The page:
on some great gear, while supplies last! Better yet it's just in time for
the 2011 season. Foul weather gear, shoes, shirts shorts, etc. Visit to see all of these great deals,
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call and we will help your team look good on, or off the water with our new

Block Island, RI (June 22, 2011) - It didn't matter that the sun wasn't
out, just that there was a slight promise the wind would blow on this third
day of the Storm Trysail Club's (STC) biennial Block Island Race Week XXIV
presented by Rolex. The Race Committee sent the event's fleet of 134 boats
off to sail in 14 classes on Block Island Sound, but when the wind failed
to deliver, it returned the competitors to wait ashore for further
instructions and at 1:00 decided it best to cancel racing altogether for
the day.

"Between the lack of wind and a squall getting ready to roll over the
island, it was the prudent thing to do," said Principal Race Officer Dave
Brennan, noting that light air also caused postponements ashore on Monday
and Tuesday but allowed for racing in the afternoons nevertheless.
Unfortunately, the front passing today would have only rain to offer and
nothing behind it wind-wise.

"It is what it is," said Kevin Burnham (Coconut Grove, Fla.), a Rolex
Yachtsman of the Year and 470 Men's Olympic Gold Medalist sailing in IRC 2
aboard Jack Lefort's (Stuart, Fla.) After Midnight. "We're here for fun,
not for sailing in the rain, so they made the right decision." -- Read on:

Kiel, Germany (June 22, 2011) - The final event of the 2010-2011 ISAF
Sailing World Cup season closed today with the medal races at Kieler-Woche.

Erin Maxwell and Isabelle Kinsolving (USA) claimed gold in the Women's 470
after their second place finish in the Medal Race. Germany's Tina Lutz and
Susann Beucke came second on 32 points and Kathrin Kadelbach and Friederike
Belcher (GER) were third on 34 points.

Paige Railey (USA) won gold in the Laser Radial after controlling the fleet
throughout the week. Krystal Weir (AUS) came second and Tina Mihelic (CRO)
picked up the bronze medal.

Ed Wright (GBR), Jonathan Lobert (FRA) and Zach Railey (USA) all ended on
30 points after the Finn Medal Race. But Wright took the gold after he
finished ahead of his rivals in third place in the Medal Race. Lobert came
fifth to take the silver medal and Railey was sixth and goes home with

The Women's Match Racing competition saw some exceptional competition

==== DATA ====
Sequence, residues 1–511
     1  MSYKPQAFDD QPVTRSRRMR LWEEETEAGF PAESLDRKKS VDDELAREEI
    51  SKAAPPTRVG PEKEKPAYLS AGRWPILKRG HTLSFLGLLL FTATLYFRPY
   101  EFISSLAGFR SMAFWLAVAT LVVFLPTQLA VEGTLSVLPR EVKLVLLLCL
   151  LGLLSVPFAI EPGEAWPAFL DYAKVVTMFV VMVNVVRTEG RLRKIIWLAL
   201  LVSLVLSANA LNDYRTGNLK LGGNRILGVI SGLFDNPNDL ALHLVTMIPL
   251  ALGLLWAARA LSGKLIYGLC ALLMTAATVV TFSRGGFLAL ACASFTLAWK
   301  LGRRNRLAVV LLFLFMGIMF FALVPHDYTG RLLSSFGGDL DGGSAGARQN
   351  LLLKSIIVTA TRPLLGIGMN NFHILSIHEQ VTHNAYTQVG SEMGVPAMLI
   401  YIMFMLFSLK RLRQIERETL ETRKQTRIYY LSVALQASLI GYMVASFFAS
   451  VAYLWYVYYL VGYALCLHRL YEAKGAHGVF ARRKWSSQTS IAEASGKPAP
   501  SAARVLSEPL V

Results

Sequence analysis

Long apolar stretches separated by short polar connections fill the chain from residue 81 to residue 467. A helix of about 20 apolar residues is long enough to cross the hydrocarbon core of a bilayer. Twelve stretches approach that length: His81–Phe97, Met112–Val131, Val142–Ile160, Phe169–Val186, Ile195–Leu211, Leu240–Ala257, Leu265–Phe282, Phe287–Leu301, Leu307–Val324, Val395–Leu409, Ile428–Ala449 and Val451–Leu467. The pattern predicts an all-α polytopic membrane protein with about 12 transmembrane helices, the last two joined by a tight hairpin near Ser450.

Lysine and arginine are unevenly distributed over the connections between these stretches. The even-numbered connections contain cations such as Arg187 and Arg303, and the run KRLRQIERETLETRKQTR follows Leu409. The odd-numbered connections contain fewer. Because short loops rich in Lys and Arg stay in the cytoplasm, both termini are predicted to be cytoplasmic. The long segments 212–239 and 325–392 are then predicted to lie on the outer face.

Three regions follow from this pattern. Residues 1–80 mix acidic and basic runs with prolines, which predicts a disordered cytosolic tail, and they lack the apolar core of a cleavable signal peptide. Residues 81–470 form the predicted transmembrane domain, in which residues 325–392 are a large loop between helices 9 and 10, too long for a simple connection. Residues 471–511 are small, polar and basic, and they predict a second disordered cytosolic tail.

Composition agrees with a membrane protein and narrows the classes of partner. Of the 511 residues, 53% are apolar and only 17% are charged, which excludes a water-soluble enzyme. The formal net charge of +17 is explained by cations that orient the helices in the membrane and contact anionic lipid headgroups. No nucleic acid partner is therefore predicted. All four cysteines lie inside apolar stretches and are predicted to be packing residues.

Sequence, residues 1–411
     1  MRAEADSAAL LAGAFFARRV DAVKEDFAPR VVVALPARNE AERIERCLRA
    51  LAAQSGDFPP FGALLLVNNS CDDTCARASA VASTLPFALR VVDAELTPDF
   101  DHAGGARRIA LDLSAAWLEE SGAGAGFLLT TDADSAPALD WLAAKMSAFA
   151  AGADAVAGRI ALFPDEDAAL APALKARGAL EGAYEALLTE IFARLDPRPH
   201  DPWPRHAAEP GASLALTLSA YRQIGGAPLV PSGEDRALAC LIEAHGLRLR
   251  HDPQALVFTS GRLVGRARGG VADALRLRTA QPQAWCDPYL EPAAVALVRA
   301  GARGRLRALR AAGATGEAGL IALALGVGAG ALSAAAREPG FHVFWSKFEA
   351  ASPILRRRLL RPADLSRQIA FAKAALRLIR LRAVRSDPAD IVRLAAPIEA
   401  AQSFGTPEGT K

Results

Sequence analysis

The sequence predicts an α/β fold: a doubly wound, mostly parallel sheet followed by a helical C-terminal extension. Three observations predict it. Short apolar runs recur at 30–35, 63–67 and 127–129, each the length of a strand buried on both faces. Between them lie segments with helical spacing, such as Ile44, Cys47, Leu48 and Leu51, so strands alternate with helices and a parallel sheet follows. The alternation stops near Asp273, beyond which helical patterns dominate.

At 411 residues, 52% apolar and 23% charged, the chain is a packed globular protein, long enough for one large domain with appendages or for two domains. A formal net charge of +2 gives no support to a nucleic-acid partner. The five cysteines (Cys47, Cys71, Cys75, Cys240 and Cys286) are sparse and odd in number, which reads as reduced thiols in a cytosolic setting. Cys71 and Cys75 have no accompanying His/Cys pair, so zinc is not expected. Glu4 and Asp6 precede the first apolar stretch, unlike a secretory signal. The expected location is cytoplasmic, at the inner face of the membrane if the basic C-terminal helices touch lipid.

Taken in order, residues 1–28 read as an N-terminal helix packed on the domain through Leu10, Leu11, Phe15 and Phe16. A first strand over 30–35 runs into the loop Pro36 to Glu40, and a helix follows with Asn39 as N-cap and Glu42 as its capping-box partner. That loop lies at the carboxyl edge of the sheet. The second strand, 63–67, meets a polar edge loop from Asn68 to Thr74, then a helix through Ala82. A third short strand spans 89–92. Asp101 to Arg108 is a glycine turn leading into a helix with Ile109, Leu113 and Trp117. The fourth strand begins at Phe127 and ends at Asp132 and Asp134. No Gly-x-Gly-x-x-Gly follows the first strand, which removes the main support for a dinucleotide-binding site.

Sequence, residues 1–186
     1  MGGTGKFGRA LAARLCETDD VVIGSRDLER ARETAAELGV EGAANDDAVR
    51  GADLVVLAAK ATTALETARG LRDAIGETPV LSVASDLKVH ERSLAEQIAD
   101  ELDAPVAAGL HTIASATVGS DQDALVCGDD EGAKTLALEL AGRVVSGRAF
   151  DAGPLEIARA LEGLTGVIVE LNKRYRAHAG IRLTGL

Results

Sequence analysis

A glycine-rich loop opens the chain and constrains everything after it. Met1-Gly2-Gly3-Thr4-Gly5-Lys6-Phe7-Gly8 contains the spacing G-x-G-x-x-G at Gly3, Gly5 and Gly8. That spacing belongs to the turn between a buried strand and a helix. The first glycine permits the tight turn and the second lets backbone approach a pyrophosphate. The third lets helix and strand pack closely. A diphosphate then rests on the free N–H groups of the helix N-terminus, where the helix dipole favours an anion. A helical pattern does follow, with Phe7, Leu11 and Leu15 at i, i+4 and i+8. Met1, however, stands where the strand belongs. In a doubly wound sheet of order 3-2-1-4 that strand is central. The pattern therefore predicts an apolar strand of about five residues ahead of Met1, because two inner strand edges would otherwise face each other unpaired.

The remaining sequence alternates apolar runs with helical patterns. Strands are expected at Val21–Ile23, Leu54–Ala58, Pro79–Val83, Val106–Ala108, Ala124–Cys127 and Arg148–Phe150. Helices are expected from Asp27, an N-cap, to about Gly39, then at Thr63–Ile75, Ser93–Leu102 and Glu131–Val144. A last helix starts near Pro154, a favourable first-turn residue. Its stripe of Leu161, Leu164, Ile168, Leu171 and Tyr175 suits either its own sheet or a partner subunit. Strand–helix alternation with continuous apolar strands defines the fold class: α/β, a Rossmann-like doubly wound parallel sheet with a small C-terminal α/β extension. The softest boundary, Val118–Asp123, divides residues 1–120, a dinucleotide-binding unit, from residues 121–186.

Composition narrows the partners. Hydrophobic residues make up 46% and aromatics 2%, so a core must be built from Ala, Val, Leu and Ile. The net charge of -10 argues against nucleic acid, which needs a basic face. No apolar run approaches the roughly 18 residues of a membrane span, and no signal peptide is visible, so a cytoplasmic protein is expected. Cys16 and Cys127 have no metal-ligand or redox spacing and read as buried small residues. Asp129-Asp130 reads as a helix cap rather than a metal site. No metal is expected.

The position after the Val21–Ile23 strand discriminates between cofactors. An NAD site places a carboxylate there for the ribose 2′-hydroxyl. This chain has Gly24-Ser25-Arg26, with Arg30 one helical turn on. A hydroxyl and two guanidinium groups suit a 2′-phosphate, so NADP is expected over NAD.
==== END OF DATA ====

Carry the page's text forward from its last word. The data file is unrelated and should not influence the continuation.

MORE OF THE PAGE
throughout the week and it ended in fine fashion for Ekaterina Skudina
(RUS) securing her second consecutive Kieler-Woche gold medal. Skudina
overcame Australia's Nicky Souter in the Women's Match Racing final 3-1.
And in the Petit Final Souter's compatriot, Olivia Price, defeated Genny
Tulloch (USA) 2-0.

The 2011-2012 ISAF Sailing World Cup starts in November with Sail Melbourne
running from 6-12 November 2011 before the 2011 ISAF Sailing World
Championships in Perth, Australia from 3-18. -- Full report:

WORLD CUP: The titles for the 2010-2011 ISAF Sailing World Cup have been
decided after the final day at Kieler-Woche, the seventh regatta in the
Sailing World Cup series. The women provided the medals for North America,
with Erin Maxwell/ Isabelle Kinsolving (USA) taking gold in the Women's
Doublehanded, Anna Tunnicliffe/ Debbie Capozzi/ Molly O'Bryan Vandemoer
taking gold in the Women's Match Racing, and Paige Railey (USA) taking
bronze in the Women's Singlehanded. -- Full report:

SILVER LINING: Genny Tulloch (USA) reports from the Women's Match Racing:
"Today we had a tough ending here at Kiel, finishing 4th overall in the
regatta. We're still happy with our result, more importantly we learned a
tremendous amount this week. With 32 races sailed over the 5 days, we were
pretty exhausted, but that gave us 32 prestarts and lots of shifty
conditions with breeze all throughout the spectrum to play in. We had a lot
of different scenarios play out this week, and feel like it was an
extremely helpful regatta tactically and communication-wise." --

Up to 46,000 tickets have been sold for the Olympic sailing events in
Weymouth and Portland. Spectators for 2012 have snapped up all the 20 and
35 pound events tickets for 10 days of the two-week-period, as well as
three of the medal race days, which cost 55 pounds per ticket. Up to 4,600
people a day are expected to be accommodated.

It comes as London Organising Committee of the Olympic Games (LOCOG) has
confirmed that 2.3million tickets will be available in the second round of
2012 tickets sales, across a range of price categories and sports.

LOCOG has revealed that there is 'good availability' of tickets for the 470